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  • noun

Synonyms for folksong

a song that is traditionally sung by the common people of a region and forms part of their culture

References in periodicals archive ?
Indeed, the popular folksong, 'Ohoy Alibangbang,' left many Ilonggos teary-eyed so that it elicited a standing ovation led by Sen.
He went on to give a very individual interpretation of two of the most popular Azerbaijani folksongs Sari Gelin and Durna and included his reflective self-penned compositions Waiting and Muse in his set, many of which featured the sound of the Melodica, a wind-operated keyboard that makes an accordion-like sound, which he balanced on top of the grand piano.
Yet from his earliest significant compositions in the mid-1930s, Tippett often adopted a musical style that could be called pastoral, particularly in works such as the Concerto for Double String Orchestra, whose slow movement is based on the Scottish folksong "'Ca'the Yowes"; in his great visionary opera The Midsummer Marriage, set in a magic wood which comes alive with animal dancers in its central Act; above all in the Fantasia concertante on a theme of Corelli (1953), which ends with an Andante--Adagio alla pastorale tranquilla whose ecstatic solo violin lines recall Vaughan Williams's The Lark Ascending.
In the introduction to the 1893 collection Songs of the Four Nations: a Collection of Old Songs of the People of England, Scotland, Ireland, and Wales (available for free as a digitized volume), composer Arthur Somervell (1863-1937) writes that folksongs need to be dealt with simply, stating that it is "manifestly absurd to try to lash into, or wring out of them, the kind of passion and sentiment appropriate to a great song which is the finished product of such supreme latter-day artists as Schumann or Brahms." (1) As a result of this attitude toward folksong arrangement, Somervell's settings are musically sufficient, but not as imaginative as his best song output.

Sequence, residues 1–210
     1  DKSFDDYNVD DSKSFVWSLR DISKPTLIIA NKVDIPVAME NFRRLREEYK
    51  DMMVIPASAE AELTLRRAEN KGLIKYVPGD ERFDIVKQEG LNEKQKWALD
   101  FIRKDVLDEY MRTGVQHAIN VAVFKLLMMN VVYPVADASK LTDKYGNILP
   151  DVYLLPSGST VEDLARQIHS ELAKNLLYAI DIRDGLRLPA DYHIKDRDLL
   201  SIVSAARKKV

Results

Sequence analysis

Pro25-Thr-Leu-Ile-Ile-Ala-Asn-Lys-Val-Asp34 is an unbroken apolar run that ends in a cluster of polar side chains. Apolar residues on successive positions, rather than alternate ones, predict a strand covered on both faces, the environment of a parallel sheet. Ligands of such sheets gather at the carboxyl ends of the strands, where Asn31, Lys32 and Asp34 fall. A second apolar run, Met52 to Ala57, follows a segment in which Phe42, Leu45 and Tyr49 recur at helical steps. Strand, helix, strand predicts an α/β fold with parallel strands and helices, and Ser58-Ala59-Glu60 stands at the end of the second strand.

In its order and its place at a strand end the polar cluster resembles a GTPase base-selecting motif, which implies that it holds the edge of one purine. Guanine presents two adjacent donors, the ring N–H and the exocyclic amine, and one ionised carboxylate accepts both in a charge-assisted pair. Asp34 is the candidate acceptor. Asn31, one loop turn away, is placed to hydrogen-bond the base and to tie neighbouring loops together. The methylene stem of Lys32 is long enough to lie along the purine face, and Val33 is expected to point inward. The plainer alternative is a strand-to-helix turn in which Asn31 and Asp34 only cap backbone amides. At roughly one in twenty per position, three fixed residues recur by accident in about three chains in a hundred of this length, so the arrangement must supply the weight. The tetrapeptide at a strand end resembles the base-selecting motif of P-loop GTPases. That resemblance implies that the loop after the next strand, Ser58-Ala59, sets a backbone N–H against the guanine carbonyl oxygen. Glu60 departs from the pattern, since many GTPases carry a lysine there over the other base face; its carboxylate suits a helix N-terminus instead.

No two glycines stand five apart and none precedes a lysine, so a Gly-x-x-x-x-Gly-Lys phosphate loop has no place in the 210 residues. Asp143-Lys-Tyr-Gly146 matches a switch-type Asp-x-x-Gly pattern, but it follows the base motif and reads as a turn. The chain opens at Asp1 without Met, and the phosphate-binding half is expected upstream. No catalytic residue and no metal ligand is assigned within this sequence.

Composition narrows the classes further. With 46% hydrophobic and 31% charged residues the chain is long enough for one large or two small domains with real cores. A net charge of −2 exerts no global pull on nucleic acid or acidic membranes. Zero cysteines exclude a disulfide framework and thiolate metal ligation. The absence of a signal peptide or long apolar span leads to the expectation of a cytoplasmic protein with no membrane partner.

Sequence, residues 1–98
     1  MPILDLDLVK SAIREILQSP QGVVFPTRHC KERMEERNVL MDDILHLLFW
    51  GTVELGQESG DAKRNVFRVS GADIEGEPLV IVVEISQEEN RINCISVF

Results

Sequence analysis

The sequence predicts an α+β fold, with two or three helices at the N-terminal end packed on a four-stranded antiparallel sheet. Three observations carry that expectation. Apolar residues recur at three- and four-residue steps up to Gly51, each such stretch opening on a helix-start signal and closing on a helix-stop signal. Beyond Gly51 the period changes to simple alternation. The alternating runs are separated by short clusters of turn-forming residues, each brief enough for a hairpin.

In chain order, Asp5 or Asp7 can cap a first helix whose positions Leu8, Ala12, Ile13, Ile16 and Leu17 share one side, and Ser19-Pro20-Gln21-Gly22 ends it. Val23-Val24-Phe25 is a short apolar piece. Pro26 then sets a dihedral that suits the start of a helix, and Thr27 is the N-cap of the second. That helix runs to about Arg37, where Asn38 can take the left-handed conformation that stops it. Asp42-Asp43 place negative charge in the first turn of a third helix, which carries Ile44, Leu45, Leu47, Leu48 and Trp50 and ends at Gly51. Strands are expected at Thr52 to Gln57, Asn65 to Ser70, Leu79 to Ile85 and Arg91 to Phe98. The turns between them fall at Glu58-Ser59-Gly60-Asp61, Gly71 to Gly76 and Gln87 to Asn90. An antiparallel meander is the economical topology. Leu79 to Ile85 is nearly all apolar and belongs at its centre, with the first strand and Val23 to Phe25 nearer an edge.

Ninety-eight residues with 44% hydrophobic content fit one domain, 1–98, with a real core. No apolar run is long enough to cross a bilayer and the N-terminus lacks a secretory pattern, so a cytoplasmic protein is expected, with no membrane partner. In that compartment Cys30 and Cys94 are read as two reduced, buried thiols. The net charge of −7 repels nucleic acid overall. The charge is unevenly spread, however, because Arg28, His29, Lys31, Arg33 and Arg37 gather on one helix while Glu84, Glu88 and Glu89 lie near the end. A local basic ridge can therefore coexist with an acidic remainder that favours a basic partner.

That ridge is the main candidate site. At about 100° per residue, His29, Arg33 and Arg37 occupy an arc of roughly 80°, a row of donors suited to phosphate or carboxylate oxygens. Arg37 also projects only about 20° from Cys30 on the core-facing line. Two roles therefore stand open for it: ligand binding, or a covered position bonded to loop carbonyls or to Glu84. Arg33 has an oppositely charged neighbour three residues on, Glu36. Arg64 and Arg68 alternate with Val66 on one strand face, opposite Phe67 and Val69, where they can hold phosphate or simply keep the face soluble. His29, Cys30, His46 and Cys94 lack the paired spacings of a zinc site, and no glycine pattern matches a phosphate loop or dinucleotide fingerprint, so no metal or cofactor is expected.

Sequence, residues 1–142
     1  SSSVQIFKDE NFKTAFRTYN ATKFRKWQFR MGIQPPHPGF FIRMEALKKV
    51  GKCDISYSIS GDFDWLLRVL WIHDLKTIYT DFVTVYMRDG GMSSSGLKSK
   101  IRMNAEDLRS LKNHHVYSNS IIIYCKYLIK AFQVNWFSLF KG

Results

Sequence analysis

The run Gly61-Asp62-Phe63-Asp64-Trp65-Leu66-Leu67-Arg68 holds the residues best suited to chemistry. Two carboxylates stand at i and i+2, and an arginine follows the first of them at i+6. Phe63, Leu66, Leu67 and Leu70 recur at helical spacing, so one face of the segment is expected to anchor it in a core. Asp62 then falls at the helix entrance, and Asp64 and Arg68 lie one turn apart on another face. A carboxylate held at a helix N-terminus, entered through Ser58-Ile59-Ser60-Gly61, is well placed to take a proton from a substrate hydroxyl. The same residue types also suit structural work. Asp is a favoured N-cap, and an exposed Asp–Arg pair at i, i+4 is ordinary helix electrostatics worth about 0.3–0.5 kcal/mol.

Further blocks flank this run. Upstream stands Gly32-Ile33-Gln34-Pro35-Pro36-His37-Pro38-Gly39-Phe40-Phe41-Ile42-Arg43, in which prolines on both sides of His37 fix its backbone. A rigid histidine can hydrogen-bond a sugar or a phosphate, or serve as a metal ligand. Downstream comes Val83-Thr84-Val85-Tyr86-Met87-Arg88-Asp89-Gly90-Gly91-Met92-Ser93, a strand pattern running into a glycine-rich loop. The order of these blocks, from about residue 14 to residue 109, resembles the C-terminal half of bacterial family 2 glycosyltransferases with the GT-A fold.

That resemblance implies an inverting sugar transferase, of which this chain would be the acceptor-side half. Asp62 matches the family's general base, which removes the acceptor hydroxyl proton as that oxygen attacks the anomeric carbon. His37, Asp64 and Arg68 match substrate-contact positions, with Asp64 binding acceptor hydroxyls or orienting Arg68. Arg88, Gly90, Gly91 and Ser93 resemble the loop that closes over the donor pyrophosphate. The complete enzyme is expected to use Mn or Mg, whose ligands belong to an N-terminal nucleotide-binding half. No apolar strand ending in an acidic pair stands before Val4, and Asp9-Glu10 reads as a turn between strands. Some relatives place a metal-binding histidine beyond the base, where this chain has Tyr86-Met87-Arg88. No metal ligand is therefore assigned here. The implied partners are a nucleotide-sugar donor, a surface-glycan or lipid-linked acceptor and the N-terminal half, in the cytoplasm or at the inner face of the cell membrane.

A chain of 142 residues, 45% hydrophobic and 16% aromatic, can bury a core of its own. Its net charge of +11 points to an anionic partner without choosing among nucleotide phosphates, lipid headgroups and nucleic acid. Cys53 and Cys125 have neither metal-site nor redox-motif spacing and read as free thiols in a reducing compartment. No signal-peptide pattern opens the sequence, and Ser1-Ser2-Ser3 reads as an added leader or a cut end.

Provided with each song are: its various titles; a cross-reference to Peacock's original field recording (i.e., PEA number) or manuscript; the singer's name, location, and date of recording; musical notation and lyrics (sometimes two or more versions are provided); a cross-reference to the song's Roud number (referencing the Roud Folksong and Broadside Indexes); and often extensive notes about the song's history and its other sources and versions (archival, published, and recorded) elsewhere in North America, the UK, and Ireland.
African American Folksong and American Cultural Politics: The Lawrence Gellert Story.
Few women who know about folksong, refused to sing or narrate for us.
A simply stunning picture book inspired by the lyrics of the traditional Scottish folksong is especially recommended for children ages 5 to 8 and is unreservedly recommended for family, elementary school and community library picture book collections for young readers.
messenger scenes and control of repetition in the Iliad, poeta loquens: poetic voices in Pindar's Paean 6 and Horace's Odes 4.6, Daphnis' folksong: the euphonist's effect on the creation of a textual performance, character in narrative depictions of composing oral epics and reading historiographies, and the fragrance of the rose: an image of the voice in Achilles Tatius.
On 1 February 1918, Beida geyao zhengjichu (the Folksong Collecting Bureau of Beijing University, [TEXT NOT REPRODUCIBLE IN ASCII]) (22) began its quest to amass a great collection of folksongs from the public.
As expected, the brass blazed in spirited fashion, while the folksong elements of the Andantino brought out the best of the woodwind players.
Maud Karpeles (1885-1976): A Retrospective of Her Newfoundland Fieldwork 1929, 1930 documents Maud Karpeles' Newfoundland folksong collection trips in 1929 and 1930.
Elsewhere James Yull transforms Paddle People from a 60s-indebted folksong to sticky dance floor Europop.